Gleason originally wanted the characters to have a real marriage at the end of season four and had plans for how to change the series in season five to accommodate the change, but both Brosnan and Zimbalist rejected the idea. Following that decision, Gleason pitched another concept for season five to NBC in May 1986, introducing a character named "Eddie" as a rival for Laura's affections.
Steele was a unique hybrid of romantic comedy, drama, and detective procedural that paid homage to Hollywood movies of the 1930s and 1940s, drawing particularly from screwball comedy in the romantic storyline, while often referencing film noir in the mystery storylines. It subverted 1970s detective show conventions by telling its stories from the point of view of an independent, professional woman. At a time when hour-long series were serious and half-hour series were humorous, Steele incorporated multiple styles of comedy into the standard detective format.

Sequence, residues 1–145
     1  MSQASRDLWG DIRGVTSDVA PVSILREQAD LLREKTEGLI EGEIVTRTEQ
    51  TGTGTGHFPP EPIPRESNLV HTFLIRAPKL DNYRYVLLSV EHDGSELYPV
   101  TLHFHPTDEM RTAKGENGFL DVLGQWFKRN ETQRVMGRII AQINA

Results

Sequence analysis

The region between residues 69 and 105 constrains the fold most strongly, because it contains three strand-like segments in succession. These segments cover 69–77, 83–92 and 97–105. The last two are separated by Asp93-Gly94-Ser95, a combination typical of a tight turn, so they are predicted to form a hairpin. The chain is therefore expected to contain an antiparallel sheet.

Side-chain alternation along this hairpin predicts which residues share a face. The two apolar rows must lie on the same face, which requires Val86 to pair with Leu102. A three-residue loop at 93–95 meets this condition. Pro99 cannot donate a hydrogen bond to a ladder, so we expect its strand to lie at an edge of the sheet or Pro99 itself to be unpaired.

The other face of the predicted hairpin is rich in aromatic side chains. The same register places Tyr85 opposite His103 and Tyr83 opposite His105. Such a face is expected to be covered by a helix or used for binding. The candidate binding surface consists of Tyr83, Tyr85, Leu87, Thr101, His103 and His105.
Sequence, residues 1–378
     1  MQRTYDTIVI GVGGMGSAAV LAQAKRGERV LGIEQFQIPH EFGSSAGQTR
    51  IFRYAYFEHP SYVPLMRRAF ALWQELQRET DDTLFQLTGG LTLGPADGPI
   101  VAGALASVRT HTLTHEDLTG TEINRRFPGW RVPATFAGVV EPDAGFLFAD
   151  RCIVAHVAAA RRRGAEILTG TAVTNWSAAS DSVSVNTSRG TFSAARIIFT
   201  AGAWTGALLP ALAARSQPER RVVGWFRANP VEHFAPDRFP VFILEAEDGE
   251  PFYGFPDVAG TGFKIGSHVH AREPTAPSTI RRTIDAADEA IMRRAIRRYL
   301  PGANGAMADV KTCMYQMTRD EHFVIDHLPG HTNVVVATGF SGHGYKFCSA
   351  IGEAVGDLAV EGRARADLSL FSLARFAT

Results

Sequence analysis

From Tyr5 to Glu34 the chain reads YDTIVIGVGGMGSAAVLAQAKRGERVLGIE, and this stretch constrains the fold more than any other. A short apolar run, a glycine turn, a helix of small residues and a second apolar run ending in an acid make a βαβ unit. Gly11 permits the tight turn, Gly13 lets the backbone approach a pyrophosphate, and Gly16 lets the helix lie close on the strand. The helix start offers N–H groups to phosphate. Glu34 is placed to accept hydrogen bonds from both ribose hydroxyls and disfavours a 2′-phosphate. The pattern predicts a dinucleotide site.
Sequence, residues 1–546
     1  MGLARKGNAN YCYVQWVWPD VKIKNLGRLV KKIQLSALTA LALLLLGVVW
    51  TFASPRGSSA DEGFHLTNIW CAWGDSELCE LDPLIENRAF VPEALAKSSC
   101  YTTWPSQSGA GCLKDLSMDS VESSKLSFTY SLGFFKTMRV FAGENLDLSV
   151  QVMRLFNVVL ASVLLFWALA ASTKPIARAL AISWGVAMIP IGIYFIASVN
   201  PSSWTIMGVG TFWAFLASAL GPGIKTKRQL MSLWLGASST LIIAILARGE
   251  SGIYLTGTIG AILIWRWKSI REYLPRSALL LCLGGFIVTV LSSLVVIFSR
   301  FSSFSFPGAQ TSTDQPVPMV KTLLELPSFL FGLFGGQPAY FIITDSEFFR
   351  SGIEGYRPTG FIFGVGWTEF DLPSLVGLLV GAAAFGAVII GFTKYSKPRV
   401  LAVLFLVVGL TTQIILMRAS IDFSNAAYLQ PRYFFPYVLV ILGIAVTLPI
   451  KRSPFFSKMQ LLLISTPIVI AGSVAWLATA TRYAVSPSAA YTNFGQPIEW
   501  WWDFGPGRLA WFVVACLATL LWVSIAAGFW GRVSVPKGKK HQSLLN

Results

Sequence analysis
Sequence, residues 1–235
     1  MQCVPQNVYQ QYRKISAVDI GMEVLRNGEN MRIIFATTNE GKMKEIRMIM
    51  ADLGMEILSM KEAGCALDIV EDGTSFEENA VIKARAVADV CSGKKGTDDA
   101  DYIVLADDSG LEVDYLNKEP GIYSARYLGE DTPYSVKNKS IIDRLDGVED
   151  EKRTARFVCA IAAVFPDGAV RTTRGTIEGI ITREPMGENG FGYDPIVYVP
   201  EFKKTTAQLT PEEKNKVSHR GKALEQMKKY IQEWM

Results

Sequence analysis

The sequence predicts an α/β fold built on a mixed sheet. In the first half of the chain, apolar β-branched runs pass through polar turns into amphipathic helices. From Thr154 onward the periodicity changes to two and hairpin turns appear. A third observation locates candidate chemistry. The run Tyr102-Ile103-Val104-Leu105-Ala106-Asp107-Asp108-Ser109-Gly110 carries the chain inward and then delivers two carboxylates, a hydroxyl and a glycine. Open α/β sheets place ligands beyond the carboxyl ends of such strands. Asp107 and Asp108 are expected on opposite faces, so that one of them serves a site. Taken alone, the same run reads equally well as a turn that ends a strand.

Remington Steele is best known for launching the career of Pierce Brosnan and for serving as a forerunner of the similar, edgier series Moonlighting, and was also an influential part of television history in its own right. Recent evaluations, in the wake of the series' full release on DVD, conclude that Steele was solidly crafted, well-acted and groundbreaking in its own way. Other recent evaluations have also noted that series has aged better than some other series of its time and genre.
The series blended the genres of romantic comedy, drama, and detective procedural.The TV series "Moonlighting served as a forerunner to Remington Steele is best known for launching the career of Pierce Brosnan. Remington Steele's premise is that Laura Holt, a licensed private detective played by Stephanie Zimbalist, opened a detective agency under her own name but found that potential clients refused to hire a woman, however qualified. To solve the problem, Laura invents a fictitious male superior whom she names Remington Steele.